“[T]he moving party bears the burden of proving why a court should transfer the action." Smart Techs., 336 F.Supp.2d at 719. This burden is a heavy one and requires that the moving party show that the factors weigh strongly in favor of transfer. Id.

         Defendant argues that a review of the enumerated factors readily establishes that a transfer of venue in this case is not only appropriate, but also the fair result. The Court agrees that the factors and case circumstances weigh heavily in favor of transfer. Plaintiffs arguments to the contrary are unavailing. Defendant has provided a comprehensive review of the factors, with supporting authority. The Court sets forth the key considerations.

         Factor 1 - Convenience of the Witnesses

         Defendant submits that of the factors to be considered in this change of venue motion, the convenience of the witnesses is the one that should be given the most weight. (ECF No. 13 at PagelD.70-71, citing, e.g., Pilates Inc. v. Pilates Inst, 891 F.Supp. 175, 183 (S.D.NY 1995) ("Courts generally view the convenience of the witnesses as the single most important factor in the balance.")). Defendant notes that, here, Plaintiffs complaint lists and identifies 29 potential witnesses. Of those witnesses only four (Plaintiff, Kelly Kliss, Mitchell Smith, and Jeremy Baker) live in the State of Michigan, and none of those four, including Plaintiff, lives within 100 miles of the Federal Courthouse in Grand Rapids, Michigan. Conversely, all four of those Michigan residents live less than 37 miles from the Federal Courthouse in South Bend, Indiana. As to those witnesses, traveling 74 miles in a round trip from home to the Federal Courthouse is certainly much more convenient than having to travel 220 miles to attend court in Grand Rapids.

         Additionally, the same holds true for the 24 potential witnesses identified in Plaintiffs complaintwhoareresidentsof Indiana(ECFNo.l3atPageID.71, citing James Ziska Decl., Ex. A, Spreadsheet, ECF No. 13-2). None of the 24 Indiana residents lives within 100 miles of the Federal Courthouse in Grand Rapids, Michigan, and all live within less than 62 miles from the Federal Courthouse in South Bend, Indiana, with 20 of those 24 persons living less than 50 miles from the Federal Courthouse in South Bend, Indiana. Finally, as far as Defendant's witnesses are concerned, Defendant is not currently aware of any witnesses it might call who are not included among the 29 potential witnesses identified by Plaintiff in her complaint.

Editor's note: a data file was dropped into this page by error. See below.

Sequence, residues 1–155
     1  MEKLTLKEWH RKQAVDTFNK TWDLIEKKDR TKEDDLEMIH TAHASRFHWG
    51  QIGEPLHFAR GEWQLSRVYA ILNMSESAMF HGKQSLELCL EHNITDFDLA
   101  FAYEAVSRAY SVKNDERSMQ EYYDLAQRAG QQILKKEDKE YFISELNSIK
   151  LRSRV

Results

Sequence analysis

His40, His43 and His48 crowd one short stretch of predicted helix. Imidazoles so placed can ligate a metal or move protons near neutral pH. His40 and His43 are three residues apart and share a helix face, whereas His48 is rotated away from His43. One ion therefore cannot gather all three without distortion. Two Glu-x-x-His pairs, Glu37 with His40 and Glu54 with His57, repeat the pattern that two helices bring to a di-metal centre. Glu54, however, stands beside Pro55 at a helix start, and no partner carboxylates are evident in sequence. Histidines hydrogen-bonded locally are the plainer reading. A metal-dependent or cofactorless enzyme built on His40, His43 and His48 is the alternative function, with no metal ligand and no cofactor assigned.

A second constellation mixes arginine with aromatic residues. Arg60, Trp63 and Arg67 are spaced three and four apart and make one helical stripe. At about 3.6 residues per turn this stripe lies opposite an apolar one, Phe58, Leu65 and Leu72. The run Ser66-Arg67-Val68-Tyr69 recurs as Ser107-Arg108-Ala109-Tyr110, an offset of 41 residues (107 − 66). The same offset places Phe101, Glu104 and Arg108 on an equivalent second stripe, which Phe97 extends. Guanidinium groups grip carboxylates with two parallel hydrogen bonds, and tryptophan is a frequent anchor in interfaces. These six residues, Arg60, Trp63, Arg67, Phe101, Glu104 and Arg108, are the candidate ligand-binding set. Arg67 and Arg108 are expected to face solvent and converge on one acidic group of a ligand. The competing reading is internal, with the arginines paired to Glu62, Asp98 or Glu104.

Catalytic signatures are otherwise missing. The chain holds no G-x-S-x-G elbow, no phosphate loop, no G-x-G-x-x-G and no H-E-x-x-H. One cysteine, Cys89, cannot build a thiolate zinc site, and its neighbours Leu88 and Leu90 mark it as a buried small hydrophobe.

Plaintiff responds that the recitation of various persons identified in the pleadings is not determinative for purposes of a change in venue, and thus the party boasting a large list of prospective witnesses does not thereby prevail for a change of venue (ECF No. 16 at PageID.90, citing Fed. Elec. Prods. Co. v. Frank Adam Elec. Co., 100 F.Supp. 8, 12 (S.D.N.Y. 1951) ("District Judges must be able to slice through the mass of affidavits presented and identify key witnesses in determining the most convenient forum")).[3] Plaintiff contends that this factor should be based on the actual anticipated testimony of these witnesses and the materiality; thus, it is premature to evaluate the convenience of witnesses when the identities of all key witnesses and their testimony is not fully known. See Id. at 12; see also Thomas v. Home Depot, U.S.A., Inc., 131 F.Supp.2d 934, 937 (E.D. Mich. 2001) "([T]he parties should provide each witness's name and an outline of what material testimony that witness would provide.").

         In any event, Plaintiff states that two witnesses, Kelly Kliss and Vickie Matz, female employees over age 55 who were also demoted, both live in Michigan, and Plaintiff will not require that witnesses travel to Kalamazoo or Grand Rapids, Michigan for depositions (ECF No. 16 at PageID.91-92). Further, approximately ninety-five percent of all cases settle before trial or are disposed of in part/whole at the summary judgment stage (id. at PageID.91). And if the parties settle at mediation, the motion to transfer venue is moot (id. at PageID.92). Plaintiff requests that if the Court finds that venue should ...